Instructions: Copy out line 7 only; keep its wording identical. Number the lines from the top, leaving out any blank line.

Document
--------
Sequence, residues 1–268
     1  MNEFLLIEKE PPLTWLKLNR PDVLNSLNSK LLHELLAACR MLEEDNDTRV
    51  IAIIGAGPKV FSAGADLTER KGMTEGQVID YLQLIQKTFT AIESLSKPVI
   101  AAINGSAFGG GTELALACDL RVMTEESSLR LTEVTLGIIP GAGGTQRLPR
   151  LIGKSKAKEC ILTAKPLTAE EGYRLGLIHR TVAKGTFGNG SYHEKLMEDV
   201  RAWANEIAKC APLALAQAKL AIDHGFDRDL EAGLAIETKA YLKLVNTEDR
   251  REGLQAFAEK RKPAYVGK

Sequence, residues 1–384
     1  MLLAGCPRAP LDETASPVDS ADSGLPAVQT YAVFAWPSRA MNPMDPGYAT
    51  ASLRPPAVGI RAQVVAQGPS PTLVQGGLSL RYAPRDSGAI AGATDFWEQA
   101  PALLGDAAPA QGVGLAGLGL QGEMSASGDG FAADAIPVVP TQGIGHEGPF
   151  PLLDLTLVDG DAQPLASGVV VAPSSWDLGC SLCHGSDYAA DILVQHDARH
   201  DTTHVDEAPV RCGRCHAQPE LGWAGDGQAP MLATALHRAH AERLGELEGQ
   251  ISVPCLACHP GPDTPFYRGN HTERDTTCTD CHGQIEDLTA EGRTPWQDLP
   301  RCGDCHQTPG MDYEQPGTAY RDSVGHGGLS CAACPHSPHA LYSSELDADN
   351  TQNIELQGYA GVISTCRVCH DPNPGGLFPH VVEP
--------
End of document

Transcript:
   251  REGLQAFAEK RKPAYVGK